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The New Yorker April 1, 2019

Founded in 1925, The New Yorker publishes the best writers of its time and has received more National Magazine Awards than any other magazine, for its groundbreaking reporting, authoritative analysis, and creative inspiration. The New Yorker takes readers beyond the weekly print magazine with the web, mobile, tablet, social media, and signature events. The New Yorker is at once a classic and at the leading edge.

United States
Conde Nast US
47 期号



Elizabeth Kolbert (“Under Water,” p. 32) has been a staff writer since 1999. Her book “The Sixth Extinction: An Unnatural History” won the 2015 Pulitzer Prize for nonfiction. Jon Lee Anderson (“Southern Strategy,” p. 18), a staff writer, is the author of several books, including “The Fall of Baghdad.” John Lanchester (Books, p. 65) is a contributing editor at the London Review of Books. His latest novel is “The Wall.” Carol Muske-Dukes (Poem, p. 38), a former California poet laureate, is a professor at the University of Southern California. Her latest poetry collection is “Blue Rose.” Emily Flake (The Talk of the Town, p. 16) is a New Yorker cartoonist. Her most recent book is “Mama Tried.” Christian Wiman (Poem, p. 50) is the author of, most recently, “He Held Radical Light: The Art of…

the mail

KEEPING WITH TRADITION In Leo Robson’s insightful essay about the American novelist John Williams and the buttoned-down literary traditions he represents, Robson claims that Leslie Fiedler was “the first critic to use the word ‘postmodernism’ in a literary connection” (A Critic at Large, March 18th). Robson is referring to Fiedler’s essay “Cross the Border—Close the Gap,” which was delivered as a speech in 1968, and which many consider to be the début of the term. Nevertheless, one can find Randall Jarrell using the adjectival form of the word in a 1947 essay, “From the Kingdom of Necessity,” when commending Robert Lowell’s work as “essentially a post-or anti-modernist poetry.” A year later, John Berryman wrote that Jarrell had “described Lowell’s poetry as ‘post-modernist’; and one certainly has the sense that some period…

goings on about town: this week

Around 1840, the French realist Paul Delaroche saw a daguerreotype and declared that painting was dead. But new technologies just keep making the world’s oldest medium stronger. The American artist Gina Beavers scours Instagram and the Internet for images to use in her emphatically physical work, whose ultimate subject is painting itself. “Corn Nails” (above, from 2019) conjures both #foodporn and the flamboyant still-lifes of the Flemish baroque. “Gina Beavers: The Life I Deserve” opens at MOMA PS1 on March 31. NIGHT LIFE Musicians and night-club proprietors lead complicated lives; it’s advisable to check in advance to confirm engagements. Choker Rough Trade NYC As the streaming era drives more artists to concision, Choker remains unafraid to take his time. The song “Rocket,” from his 2018 album, “Honeybloom,” sprawls out over six and a half minutes,…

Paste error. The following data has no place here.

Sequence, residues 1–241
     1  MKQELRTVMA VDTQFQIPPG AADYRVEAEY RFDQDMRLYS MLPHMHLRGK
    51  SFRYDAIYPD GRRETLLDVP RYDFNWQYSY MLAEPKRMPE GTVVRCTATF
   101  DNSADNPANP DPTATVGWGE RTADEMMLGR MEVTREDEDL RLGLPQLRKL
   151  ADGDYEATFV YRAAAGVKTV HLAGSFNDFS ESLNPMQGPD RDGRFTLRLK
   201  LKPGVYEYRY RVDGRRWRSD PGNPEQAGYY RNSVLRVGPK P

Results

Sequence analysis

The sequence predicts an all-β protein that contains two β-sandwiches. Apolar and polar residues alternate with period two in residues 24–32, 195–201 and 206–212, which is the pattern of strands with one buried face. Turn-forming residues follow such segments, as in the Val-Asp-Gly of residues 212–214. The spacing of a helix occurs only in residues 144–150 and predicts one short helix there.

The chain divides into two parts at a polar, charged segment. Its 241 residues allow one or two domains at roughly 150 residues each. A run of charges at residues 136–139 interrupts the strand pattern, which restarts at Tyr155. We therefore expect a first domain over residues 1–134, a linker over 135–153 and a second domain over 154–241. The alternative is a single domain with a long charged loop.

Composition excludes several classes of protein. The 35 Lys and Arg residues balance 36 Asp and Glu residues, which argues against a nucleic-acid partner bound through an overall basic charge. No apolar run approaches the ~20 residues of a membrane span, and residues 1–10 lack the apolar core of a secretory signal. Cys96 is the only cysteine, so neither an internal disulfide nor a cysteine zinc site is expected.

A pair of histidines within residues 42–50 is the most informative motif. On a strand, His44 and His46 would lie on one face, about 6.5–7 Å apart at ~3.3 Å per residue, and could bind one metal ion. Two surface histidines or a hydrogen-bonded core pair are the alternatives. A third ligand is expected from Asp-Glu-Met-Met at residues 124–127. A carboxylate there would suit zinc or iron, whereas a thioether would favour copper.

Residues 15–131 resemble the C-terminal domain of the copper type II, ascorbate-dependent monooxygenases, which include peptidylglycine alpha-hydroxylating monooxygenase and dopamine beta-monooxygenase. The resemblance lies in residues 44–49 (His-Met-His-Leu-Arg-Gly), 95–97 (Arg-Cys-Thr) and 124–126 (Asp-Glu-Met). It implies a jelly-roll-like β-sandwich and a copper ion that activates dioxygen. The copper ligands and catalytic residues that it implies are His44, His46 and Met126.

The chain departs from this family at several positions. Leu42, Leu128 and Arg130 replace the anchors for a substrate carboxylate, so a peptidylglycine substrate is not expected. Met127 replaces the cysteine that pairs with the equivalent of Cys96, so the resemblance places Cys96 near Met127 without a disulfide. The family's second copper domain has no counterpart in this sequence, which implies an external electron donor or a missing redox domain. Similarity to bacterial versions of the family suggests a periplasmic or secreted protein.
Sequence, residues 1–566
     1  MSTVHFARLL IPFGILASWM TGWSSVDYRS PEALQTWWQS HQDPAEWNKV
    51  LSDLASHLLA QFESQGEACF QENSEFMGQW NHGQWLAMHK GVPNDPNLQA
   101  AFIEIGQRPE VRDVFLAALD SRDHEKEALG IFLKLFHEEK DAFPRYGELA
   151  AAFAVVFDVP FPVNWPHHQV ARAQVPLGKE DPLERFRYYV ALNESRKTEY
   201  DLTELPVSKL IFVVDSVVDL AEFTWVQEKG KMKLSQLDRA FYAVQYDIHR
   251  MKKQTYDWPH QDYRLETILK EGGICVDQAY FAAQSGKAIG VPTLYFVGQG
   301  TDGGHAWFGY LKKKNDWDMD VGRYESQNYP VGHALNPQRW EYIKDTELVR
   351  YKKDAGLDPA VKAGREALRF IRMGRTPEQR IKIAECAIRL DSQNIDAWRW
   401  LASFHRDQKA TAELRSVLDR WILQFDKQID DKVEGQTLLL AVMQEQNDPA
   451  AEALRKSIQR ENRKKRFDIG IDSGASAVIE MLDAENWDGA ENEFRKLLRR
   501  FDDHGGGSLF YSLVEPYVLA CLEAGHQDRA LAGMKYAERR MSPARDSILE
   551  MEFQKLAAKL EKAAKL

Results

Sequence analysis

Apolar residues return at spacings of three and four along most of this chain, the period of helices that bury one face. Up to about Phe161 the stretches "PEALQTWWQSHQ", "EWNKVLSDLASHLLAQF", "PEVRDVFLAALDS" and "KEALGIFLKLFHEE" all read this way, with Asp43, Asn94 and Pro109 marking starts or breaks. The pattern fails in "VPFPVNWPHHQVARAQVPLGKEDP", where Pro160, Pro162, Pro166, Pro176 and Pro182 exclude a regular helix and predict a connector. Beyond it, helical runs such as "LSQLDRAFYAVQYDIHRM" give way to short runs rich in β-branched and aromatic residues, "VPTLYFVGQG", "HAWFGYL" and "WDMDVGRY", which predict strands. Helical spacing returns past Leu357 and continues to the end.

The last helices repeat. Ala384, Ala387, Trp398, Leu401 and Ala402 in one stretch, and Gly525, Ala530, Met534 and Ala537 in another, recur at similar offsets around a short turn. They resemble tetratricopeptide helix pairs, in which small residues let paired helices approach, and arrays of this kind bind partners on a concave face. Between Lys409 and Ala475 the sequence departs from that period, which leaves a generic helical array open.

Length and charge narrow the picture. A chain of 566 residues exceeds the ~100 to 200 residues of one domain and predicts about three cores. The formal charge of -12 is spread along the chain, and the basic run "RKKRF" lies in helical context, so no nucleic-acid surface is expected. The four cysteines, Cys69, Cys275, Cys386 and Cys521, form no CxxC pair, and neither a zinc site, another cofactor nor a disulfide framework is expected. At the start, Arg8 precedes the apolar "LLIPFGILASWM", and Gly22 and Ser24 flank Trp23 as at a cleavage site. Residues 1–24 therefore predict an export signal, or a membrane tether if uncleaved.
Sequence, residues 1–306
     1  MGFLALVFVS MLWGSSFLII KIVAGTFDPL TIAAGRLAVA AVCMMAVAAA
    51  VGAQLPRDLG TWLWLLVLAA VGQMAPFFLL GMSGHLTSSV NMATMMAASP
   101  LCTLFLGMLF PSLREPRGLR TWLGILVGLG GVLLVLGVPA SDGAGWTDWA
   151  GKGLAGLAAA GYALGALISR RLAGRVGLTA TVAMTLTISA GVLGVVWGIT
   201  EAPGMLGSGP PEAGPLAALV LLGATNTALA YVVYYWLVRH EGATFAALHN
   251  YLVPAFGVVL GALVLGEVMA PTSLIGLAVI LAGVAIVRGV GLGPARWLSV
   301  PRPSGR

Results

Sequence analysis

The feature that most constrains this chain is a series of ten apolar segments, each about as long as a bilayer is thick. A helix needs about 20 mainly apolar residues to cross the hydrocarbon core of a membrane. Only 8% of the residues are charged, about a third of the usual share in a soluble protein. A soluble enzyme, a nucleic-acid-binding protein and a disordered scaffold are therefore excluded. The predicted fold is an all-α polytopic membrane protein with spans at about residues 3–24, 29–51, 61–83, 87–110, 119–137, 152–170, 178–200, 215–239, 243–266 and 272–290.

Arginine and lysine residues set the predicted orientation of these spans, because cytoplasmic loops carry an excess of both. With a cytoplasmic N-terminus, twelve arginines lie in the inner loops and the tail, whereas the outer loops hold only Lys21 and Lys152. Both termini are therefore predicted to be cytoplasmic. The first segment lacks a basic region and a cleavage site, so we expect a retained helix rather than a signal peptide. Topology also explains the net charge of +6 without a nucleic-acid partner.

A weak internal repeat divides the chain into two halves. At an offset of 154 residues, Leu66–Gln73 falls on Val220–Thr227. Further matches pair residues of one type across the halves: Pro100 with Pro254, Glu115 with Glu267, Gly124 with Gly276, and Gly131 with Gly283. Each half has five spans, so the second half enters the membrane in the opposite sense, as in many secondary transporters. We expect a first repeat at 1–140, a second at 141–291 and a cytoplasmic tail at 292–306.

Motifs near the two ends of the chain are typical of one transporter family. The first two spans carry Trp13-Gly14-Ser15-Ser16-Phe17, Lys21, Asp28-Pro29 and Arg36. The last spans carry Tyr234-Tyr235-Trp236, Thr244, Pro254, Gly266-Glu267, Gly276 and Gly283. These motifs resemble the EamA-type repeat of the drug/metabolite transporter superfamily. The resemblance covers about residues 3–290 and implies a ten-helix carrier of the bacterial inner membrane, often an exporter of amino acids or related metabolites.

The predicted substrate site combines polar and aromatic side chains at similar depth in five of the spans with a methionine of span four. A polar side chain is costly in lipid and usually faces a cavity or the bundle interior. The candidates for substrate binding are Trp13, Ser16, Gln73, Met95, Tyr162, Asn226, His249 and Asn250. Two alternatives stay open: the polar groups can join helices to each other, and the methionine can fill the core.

tables for two: the fly

It takes a special kind of place to make it seem like chicken isn’t getting its due. After a few visits to the Fly, a new bar and restaurant on the border of Bed-Stuy and Clinton Hill, you might start to wonder why, at least in New York, so much energy and attention is lavished upon the hamburger, and so little, comparatively, on roast poultry, especially in taverns like this one, where the food is as much of a draw as the drinks. What if the go-to for alcohol absorption were, instead of a patty of greasy ground beef and a basket of French fries, a golden-skinned bird paired with steamy new potatoes? It might seem that burgers are easier to produce, so casually are they slung. But roast chickens are…

comment: it’s mueller time

Late last year, Vintage Books reissued “Night of Camp David,” a political thriller from 1965 that seemed to rhyme with the strangeness of our era. The novel centers on a Commander-in-Chief named Mark Hollenbach, who is gradually coming unwound. President Hollenbach is in the habit of summoning confidants to his cabin in the Maryland woods, where, at night, he turns off the lights and rants until dawn about the conspirators encircling him. He rails against pernicious legislators, disloyal appointees, and craven reporters. For no coherent reason, he intends to distance the United States from Western European allies and make common cause with a Kremlin leader named Zuchek. He also wants to tap every telephone in the country, declaring, “No respectable citizen would have a thing to fear. It’s the hoodlums,…

the campaign trail: climate candidate

The last Friday of winter was unseasonably warm, and Naomi Hollard, a senior at Columbia, stood on campus in jeans and a T-shirt. “We have twelve years to save the planet,” she said, facing a camera. “That’s great,” a documentary producer said, out of frame. “Can you do one where you hit that just a little harder?” “We have twelve years to save the planet!” Hollard said. “Amazing,” the producer said. At 11 A.M., Hollard ascended the steps of Low Library and picked up a bullhorn. About fifty people had gathered—Columbia students holding placards, middle-school students wearing backpacks—for a “climate strike,” one of thousands taking place worldwide that day. “The idea is that students walk out of class to demand action on climate change,” Hollard said. “In our case, a lot of students are…